Electrical Panel Upgrade Services in Citrus & Marion County, FL
Ensuring Your Electrical Panel Is in Top Shape
How often do you think about your electrical panel? Probably not very often unless the power is out. When too much electricity is demanded from an electrical panel, the circuits may overload, causing you to lose power. In more serious cases, overloaded circuits can even result in a fire. Because electrical panels are so important, it's in your best interest to stay on top of upgrades. As your home gets older, your panel may not function as efficiently as it used to. Generally speaking, electrical panels more than 10 years old may no longer be able to support all the appliances you have plugged in. If this is the case for you, get in touch with Mr. Electric of Citrus & Marion County. We serve customers across the region, including Crystal River, Inverness, Homosassa, Beverly Hills, and Le Canto, with the goal of offering top-tier electrical work.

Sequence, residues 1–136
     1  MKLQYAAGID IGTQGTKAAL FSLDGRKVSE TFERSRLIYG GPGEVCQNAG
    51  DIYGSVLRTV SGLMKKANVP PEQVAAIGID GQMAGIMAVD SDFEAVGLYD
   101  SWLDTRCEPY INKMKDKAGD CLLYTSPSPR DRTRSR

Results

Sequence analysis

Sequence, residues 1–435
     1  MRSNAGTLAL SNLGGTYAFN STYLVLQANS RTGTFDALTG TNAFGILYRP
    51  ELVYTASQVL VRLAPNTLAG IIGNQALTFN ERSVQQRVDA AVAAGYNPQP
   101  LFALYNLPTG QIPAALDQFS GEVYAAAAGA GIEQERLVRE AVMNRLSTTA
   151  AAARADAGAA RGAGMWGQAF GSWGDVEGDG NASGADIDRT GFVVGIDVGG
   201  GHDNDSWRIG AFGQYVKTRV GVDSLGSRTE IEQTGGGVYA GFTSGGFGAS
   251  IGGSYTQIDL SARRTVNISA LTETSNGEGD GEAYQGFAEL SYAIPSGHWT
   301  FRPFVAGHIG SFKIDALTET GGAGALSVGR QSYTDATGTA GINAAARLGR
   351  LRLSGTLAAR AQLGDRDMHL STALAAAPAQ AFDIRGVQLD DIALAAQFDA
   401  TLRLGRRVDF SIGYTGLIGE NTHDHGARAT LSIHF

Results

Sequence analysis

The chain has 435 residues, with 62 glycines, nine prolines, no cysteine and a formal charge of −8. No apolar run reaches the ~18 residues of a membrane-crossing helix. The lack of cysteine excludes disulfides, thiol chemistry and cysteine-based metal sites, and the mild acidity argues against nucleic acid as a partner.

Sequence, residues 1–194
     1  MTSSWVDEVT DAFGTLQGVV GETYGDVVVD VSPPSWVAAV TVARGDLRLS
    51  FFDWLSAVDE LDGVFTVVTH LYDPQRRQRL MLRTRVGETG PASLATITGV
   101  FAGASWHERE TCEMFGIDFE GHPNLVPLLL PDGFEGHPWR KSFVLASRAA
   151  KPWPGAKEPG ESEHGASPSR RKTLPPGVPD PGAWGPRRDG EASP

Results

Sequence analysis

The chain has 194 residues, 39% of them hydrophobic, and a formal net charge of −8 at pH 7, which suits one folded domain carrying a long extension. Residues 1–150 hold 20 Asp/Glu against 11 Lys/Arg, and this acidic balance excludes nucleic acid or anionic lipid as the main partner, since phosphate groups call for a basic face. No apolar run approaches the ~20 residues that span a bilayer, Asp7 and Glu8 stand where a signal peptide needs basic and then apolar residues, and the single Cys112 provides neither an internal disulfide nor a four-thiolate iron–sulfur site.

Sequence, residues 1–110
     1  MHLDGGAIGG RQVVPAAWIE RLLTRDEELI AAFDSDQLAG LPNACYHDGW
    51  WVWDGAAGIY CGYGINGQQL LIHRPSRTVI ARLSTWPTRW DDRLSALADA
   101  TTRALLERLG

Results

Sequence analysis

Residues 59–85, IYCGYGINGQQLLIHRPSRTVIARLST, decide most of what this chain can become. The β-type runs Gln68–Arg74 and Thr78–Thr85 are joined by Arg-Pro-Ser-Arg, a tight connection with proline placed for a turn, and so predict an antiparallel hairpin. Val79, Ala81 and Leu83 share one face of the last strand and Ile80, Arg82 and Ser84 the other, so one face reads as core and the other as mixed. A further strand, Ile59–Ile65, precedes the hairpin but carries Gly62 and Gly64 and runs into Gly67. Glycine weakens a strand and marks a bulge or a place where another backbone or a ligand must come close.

How Does an Electrical Panel Work?
The electrical panel transfers power into your home via the main power line. The main line connects to a power meter outside your home, which directs power from the electric company to all parts of the building. In most cases, the electrical panel is a gray box found in the garage, utility room, or basement of your home. Opening up the box, you'll find several rows of switches. These are the circuit breakers that distribute power throughout the house. You may notice some switches doubled or tripled together—these breakers power appliances that demand high amounts of electricity. If you take an even closer look at your electrical panel, you may notice numbers on the switches telling you how many amps a line can carry before being tripped. Your electrical panel will also come with a main power breaker that can cut off power to the entire system with one flip.
Knowing When It's Time for Service